BRUNSWICK, Ohio - A Brunswick woman told NewsChannel5 during an exclusive interview that she's "still in a state of shock" after surviving several gunshot wounds and a 30-hour standoff inside her house.
Rahna Fahringer, 46, was held hostage over two days in a back bedroom of her home on Jefferson Avenue by her ex-boyfriend, Terrence Abel, before a SWAT team stormed inside and fatally shot him.
"I still can't believe I'm still here. I've never been that close to death," Fahringer said.
Fahringer, who had obtained a protection order on Nov. 26 against Abel, said her ex-boyfriend broke down a back door on the afternoon of Nov. 30.
"He kept saying, 'We're going to die today. I'm going to kill you and then kill myself. Good thing your kids aren't here. I really planned on doing this on Sunday,'" Fahringer recalled.
WEB EXTRA | Watch Fahringer's 19 minute exclusive interview above
Abel, 39, forced her into a bedroom, barricaded the door with a dresser and began covering all of the windows in the home. She rocked back and forth on the bed, crying and begging Abel to let her go. Instead, he shot her.
Fahringer explained, "He just turned around and shot my foot while I was sitting on the bed and I kept thinking, 'Oh my God! Is he going to keep going? Is he going to stop?'"
A few minutes later, police surrounded the home in the working class neighborhood. Police made contact with Abel through his cellphone and the SWAT team was able to communicate with him for most of the standoff.
When police asked to hear Fahringer's voice, he put the phone on speaker and told her to talk. But she didn't tell officers about her gunshot wound because the bleeding had subsided and she feared Abel would kill her if she informed police.
"A couple of times he'd put the gun back in my side and tell me that I caused this and it didn't have to be this way," Fahringer said.
Fahringer focused on staying calm by thinking of her son and daughter, ages 16 and 12, who were at school when the standoff began.
"I'm sitting here thinking, 'Oh my God, when are they (the police) going to come in here?'"
A window of opportunity opened up for the SWAT team when Abel complained of being hungry and agreed to allow officers to bring him some food.
The tactical team approached, but rather than pass the food through a window, they charged inside and spotted Abel pointing a gun at Fahringer.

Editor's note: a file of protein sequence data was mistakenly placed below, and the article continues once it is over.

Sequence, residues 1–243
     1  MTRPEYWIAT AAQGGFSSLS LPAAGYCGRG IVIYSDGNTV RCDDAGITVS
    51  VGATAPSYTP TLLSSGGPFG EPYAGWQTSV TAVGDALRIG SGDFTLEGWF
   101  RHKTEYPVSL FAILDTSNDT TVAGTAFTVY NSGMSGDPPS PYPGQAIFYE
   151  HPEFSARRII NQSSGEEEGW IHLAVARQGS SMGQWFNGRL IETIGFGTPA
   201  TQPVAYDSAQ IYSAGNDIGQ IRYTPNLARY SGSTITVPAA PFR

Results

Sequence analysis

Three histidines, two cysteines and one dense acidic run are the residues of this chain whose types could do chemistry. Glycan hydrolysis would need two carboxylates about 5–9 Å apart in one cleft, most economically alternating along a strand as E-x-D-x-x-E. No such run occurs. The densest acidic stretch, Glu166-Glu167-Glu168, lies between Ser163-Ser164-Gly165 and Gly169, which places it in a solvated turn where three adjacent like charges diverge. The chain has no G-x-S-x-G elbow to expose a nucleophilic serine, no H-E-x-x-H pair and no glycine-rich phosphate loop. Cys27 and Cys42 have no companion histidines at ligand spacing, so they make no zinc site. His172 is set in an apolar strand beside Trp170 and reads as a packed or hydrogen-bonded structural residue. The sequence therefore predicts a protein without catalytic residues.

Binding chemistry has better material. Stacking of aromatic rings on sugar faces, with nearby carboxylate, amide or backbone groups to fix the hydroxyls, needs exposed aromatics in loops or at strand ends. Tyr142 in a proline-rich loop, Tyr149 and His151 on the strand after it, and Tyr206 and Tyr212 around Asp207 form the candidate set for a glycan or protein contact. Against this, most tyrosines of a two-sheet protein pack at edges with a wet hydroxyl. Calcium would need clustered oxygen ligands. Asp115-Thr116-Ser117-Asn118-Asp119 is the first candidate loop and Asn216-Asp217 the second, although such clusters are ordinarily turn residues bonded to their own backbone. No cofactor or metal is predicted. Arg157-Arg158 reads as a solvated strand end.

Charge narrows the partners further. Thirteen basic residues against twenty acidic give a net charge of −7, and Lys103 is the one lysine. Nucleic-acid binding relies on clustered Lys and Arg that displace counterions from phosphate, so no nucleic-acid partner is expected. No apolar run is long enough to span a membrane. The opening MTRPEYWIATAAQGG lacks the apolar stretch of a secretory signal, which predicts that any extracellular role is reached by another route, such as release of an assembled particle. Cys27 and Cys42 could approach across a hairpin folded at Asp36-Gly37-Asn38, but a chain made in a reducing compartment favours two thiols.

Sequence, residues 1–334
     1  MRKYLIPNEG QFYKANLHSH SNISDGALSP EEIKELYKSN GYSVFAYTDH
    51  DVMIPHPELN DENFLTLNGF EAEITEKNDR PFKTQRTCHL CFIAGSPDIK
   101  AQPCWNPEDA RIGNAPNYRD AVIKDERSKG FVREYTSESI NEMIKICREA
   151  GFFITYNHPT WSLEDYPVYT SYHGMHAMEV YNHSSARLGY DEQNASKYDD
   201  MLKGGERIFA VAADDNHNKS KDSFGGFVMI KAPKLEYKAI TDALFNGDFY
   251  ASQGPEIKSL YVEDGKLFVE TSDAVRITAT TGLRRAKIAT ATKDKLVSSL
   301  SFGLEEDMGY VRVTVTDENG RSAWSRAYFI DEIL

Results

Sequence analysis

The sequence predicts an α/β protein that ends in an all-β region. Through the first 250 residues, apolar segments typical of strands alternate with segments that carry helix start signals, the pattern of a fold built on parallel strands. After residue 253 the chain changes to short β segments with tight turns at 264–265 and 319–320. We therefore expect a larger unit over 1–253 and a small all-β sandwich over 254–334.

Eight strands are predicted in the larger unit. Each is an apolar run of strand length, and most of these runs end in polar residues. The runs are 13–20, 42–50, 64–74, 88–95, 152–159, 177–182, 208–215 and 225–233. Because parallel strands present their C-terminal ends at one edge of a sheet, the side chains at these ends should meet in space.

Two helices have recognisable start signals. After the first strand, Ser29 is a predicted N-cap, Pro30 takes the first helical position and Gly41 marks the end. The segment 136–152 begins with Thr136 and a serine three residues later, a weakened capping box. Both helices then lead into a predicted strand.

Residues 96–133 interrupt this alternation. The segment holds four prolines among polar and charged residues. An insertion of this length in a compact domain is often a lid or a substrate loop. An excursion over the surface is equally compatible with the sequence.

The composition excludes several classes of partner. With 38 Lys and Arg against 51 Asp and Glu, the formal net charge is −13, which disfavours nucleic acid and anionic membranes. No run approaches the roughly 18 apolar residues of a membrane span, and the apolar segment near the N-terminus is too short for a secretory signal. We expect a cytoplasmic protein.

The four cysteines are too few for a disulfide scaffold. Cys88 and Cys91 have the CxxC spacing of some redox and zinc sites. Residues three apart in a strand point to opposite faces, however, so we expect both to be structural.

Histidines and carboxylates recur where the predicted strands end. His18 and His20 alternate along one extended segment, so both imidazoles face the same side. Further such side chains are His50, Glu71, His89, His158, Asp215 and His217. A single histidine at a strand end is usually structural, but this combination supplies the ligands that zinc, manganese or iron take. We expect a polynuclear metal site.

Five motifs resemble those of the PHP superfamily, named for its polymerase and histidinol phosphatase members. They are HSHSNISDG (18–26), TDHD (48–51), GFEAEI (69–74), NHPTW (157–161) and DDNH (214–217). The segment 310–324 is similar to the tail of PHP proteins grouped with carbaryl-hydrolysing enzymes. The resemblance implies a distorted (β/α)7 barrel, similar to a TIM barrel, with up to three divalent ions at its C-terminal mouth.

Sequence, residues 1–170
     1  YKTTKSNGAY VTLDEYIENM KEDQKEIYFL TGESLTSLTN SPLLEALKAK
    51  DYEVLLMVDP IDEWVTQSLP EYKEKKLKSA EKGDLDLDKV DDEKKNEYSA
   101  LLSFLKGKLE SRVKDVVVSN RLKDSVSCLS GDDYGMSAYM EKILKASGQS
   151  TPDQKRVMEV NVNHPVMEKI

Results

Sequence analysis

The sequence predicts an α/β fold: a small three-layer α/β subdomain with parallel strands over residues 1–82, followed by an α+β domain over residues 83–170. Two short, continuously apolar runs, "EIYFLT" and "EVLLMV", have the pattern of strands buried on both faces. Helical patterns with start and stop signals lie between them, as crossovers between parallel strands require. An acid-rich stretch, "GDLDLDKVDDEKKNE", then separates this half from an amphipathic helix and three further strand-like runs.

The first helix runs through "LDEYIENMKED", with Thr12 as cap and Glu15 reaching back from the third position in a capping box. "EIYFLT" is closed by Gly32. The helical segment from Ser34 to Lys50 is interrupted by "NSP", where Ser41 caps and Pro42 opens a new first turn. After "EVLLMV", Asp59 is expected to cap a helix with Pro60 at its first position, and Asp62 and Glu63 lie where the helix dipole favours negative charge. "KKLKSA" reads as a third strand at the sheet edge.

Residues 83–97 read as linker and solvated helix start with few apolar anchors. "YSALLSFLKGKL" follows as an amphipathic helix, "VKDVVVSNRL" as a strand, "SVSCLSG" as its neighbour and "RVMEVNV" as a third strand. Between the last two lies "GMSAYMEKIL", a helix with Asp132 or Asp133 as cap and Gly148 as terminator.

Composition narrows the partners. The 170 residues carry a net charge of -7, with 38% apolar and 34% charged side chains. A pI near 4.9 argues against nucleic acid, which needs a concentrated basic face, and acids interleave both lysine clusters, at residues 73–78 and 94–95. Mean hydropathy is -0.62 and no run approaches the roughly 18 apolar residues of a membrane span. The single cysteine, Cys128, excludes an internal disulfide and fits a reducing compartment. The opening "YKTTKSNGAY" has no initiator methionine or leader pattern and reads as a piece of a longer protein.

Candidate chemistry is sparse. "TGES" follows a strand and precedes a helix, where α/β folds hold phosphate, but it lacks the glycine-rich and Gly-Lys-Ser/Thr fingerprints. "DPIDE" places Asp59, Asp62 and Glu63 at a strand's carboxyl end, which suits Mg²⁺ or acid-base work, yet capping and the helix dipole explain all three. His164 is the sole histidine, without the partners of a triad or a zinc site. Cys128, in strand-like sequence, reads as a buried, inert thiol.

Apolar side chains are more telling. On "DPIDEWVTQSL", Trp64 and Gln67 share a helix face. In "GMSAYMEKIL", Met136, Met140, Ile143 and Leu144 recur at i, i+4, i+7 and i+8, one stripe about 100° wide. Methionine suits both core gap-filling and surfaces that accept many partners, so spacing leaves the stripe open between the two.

Abel was shot at least four times and was killed, according to the Medina County Coroner.
"The next thing I knew, they had busted in the bedroom door. I tried to put my hands up to block my face and chest and rolled on the floor. I got caught in the crossfire and they ran me outside and they kept telling me, 'You're safe. You're safe. You're out of there.'"
Fahringer was also shot once in her right forearm and two or three times in her left hand. It's not clear if she was hit by police fire or if Abel got off a few more shots.
"I didn't see what went on. I just kind of closed my eyes and I heard all of the gunfire," Fahringer said, adding she's forever grateful to the officers who saved her life.
"I can't even express in words how thankful I am and what I think of them and how they were able to put this together. Again, I thank God and everybody involved. I'm so glad to still be here," Fahringer said.
Fahringer had only dated Abel for a two months when he moved into the home. After a few physical altercations with him, she began to fear for her life and filed for the protection order. She had no idea how deep his obsession with her went until that horrifying 30-hour ordeal.
While she feels badly for Abel's family, Fahringer said she now has peace.
"I don't have to watch my back because I don't have to wonder where he is or if he's going to do this again. That part is a relief."
Copyright 2012 Scripps Media, Inc. All rights reserved. This material may not be published, broadcast, rewritten, or redistributed.
Local News Headlines
Residents surrounding one Lorain park are fuming over what they say continues happening there: sex, drugs, drinking, fights and now arsons.
In the latest twist in the whirlwind world of Charles Ramsey, the Cleveland dishwasher-turned-Internet superstar to be presented with his own statue Friday in Kentucky.